Solar Impulse 2 aircraft to fly completely around the world using nothing but solar power. The plane first took off from Abu Dhabi in March and has been slowly making its way around the globe, having made stops in Oman, India, Myanmar, and China along the way. The aircraft was expected to launch its longest, and riskiest, leg of the journey next, but has now run into some difficult which will delay that attempt.
The latest stage of the journey was to see the Solar Impulse take off from Nanjing, China yesterday and head towards Hawaii as pilot Andre Borschberg attempts a dangerous crossing of the Pacific Ocean that was expected to take about five days to complete. Not long into the flight however, the aircraft was forced to land in Nagoya, Japan today due to impending bad weather. The large vehicle isn't as quick and agile as other planes, and so it must take extra precautions on its journey.
The plane was forced to wait until 10 PM local time before touching down in Nagoya. Because of its size, conditions must be almost perfect to complete the landing. Winds must be below 10 knots, and all commercial aircraft must be out of the area as well.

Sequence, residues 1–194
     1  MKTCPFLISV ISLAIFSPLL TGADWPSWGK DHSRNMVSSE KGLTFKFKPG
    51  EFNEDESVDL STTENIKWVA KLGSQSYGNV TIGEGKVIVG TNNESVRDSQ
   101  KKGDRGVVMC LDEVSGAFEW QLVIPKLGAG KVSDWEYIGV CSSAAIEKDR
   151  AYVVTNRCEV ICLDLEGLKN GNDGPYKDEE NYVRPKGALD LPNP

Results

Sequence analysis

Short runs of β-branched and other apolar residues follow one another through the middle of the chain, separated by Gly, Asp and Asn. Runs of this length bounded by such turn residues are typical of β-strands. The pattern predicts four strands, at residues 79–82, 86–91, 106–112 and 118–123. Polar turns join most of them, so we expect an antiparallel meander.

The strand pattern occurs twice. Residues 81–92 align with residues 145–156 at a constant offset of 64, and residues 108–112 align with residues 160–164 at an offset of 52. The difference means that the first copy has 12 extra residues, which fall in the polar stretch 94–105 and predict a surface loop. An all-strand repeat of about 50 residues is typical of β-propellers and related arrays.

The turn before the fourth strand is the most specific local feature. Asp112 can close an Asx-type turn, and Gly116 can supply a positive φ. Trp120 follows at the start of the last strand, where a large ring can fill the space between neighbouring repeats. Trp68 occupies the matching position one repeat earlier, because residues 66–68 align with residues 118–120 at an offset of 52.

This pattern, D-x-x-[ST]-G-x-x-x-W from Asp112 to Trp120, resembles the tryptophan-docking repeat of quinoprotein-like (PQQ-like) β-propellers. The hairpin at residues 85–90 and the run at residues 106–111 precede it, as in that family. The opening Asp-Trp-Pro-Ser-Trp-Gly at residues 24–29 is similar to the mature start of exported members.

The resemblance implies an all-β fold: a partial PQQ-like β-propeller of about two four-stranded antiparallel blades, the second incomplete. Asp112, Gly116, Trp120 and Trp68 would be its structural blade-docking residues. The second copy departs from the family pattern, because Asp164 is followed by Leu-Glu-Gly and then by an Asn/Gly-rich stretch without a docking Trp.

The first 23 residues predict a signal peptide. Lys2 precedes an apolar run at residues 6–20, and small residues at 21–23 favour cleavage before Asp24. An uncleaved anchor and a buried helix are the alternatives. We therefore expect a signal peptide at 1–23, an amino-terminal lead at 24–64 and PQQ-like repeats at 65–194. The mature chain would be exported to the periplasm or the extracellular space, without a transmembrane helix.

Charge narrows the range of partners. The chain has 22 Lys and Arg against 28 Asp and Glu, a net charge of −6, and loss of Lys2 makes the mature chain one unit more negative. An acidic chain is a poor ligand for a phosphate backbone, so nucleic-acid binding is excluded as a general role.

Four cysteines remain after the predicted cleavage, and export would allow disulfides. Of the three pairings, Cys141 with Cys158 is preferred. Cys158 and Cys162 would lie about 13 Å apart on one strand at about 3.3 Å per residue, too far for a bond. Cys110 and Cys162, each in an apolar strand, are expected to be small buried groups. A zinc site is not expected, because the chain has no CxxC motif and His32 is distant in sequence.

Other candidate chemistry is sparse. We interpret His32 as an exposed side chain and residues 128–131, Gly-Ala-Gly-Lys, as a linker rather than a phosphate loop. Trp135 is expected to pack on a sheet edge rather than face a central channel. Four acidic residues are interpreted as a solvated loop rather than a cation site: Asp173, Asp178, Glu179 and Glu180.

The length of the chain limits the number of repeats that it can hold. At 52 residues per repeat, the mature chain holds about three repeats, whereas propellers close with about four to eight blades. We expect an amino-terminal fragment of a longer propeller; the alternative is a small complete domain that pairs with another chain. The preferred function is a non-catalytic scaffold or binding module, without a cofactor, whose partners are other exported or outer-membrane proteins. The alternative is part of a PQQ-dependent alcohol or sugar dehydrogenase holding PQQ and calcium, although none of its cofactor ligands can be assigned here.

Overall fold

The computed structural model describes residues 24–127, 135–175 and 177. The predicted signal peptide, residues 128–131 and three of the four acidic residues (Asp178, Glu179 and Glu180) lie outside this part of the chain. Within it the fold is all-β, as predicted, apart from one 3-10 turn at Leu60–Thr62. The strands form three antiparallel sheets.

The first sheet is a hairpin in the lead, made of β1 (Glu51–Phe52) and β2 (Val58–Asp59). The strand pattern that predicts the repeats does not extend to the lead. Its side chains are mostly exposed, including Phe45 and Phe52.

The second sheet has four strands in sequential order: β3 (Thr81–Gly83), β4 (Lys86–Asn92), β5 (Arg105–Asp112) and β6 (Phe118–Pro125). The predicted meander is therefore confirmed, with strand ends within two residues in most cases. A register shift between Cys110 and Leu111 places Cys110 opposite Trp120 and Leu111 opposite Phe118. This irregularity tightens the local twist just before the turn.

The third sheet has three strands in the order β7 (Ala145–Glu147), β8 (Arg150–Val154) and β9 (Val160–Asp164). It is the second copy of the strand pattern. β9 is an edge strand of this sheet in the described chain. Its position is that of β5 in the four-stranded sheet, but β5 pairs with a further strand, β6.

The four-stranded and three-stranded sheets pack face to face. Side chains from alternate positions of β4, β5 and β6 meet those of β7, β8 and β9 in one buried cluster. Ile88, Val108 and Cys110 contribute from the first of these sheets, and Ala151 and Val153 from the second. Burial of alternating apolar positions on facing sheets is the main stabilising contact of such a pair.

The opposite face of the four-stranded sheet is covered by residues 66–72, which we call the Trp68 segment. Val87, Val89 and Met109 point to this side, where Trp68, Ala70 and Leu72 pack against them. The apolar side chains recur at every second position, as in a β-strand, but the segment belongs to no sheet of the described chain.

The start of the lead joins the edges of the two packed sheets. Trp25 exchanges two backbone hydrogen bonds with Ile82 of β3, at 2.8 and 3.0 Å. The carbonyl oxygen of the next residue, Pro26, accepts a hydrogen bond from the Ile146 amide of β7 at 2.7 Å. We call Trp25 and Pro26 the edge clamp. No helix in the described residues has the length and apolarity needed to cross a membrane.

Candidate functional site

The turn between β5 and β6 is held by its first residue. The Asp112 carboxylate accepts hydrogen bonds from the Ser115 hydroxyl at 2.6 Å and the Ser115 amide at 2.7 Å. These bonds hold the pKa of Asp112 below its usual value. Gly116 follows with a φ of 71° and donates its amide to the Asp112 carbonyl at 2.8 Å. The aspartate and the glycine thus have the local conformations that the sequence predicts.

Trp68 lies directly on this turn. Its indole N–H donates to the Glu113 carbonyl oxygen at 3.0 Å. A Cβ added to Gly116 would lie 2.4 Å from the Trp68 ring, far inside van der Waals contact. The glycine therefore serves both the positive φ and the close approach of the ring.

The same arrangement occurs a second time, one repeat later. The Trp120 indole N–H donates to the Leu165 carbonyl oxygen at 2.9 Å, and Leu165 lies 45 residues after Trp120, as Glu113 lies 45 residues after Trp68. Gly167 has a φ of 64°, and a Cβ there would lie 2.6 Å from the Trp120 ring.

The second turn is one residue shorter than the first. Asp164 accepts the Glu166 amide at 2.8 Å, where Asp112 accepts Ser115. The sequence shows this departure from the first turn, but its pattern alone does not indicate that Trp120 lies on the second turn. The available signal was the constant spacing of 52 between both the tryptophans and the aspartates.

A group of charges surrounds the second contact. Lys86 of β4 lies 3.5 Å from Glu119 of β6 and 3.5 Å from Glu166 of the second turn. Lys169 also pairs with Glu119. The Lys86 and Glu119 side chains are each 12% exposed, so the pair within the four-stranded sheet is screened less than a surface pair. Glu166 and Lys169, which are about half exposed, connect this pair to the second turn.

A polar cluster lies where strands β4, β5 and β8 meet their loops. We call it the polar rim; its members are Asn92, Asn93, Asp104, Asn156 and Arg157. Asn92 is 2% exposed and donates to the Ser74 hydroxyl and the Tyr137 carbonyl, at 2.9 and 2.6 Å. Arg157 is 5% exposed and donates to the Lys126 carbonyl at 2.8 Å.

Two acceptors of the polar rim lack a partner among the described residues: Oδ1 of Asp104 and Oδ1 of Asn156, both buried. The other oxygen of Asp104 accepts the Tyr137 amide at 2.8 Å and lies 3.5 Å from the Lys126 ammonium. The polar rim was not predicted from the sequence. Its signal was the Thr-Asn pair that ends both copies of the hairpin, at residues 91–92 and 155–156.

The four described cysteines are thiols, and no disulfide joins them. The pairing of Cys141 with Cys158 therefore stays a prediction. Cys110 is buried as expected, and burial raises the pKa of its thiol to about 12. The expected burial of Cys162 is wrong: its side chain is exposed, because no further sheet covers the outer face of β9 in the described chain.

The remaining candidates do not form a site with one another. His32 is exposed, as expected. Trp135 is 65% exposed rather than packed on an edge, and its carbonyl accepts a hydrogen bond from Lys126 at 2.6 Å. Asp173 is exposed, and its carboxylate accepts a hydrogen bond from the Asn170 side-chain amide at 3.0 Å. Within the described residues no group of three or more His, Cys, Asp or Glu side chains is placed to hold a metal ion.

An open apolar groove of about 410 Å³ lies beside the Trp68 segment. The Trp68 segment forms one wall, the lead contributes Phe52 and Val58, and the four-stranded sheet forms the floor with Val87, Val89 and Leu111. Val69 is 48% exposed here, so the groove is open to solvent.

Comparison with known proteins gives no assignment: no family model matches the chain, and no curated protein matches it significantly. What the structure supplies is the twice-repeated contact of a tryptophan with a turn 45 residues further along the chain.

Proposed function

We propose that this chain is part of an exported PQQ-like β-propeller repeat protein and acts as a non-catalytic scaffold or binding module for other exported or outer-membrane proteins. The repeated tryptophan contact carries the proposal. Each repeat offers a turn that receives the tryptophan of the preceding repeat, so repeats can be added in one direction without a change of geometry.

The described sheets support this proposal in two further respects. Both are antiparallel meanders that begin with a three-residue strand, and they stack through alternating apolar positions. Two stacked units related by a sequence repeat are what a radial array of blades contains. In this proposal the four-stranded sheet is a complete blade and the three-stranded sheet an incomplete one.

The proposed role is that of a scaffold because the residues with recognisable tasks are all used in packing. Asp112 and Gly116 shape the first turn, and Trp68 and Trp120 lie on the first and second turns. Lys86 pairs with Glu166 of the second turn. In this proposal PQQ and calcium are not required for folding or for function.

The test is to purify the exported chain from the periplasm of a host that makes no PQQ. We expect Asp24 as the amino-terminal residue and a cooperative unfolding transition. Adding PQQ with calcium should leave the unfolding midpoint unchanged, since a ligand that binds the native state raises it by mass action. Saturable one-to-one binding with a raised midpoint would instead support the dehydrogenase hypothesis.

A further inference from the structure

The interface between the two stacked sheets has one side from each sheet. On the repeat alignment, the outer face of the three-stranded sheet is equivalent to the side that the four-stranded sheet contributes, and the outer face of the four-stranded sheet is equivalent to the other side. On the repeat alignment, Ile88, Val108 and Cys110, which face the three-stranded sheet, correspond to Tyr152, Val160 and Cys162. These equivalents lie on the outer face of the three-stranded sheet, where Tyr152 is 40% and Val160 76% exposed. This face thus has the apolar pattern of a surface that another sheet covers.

It is difficult to say how long the next stage of the journey will be delayed. The Solar Impulse team will watch the weather forecasts and look for a good window that will allow Borschberg to continue his flight. For now though, they'll sit and wait for good conditions to return, and will no doubt receive all kinds of extra attention while they layover in Japan.
When the journey is complete, it will have covered more than 35,000 miles (56,300 km) circumnavigating the globe. When the plane leaves Japan it will proceed to Hawaii as planned before moving on to Phoenix, Arizona and New York City. From there, the solar-powered aircraft will proceed across the Atlantic Ocean, with a planned stopover in Europe and North Africa, before returning to its starting point in Abu Dhabi. If all goes as expected, the aircraft should reach the finish line sometime in late July or early August.
You can follow the Solar Impulse on both Facebook and Twitter to get updates on the plane's progress.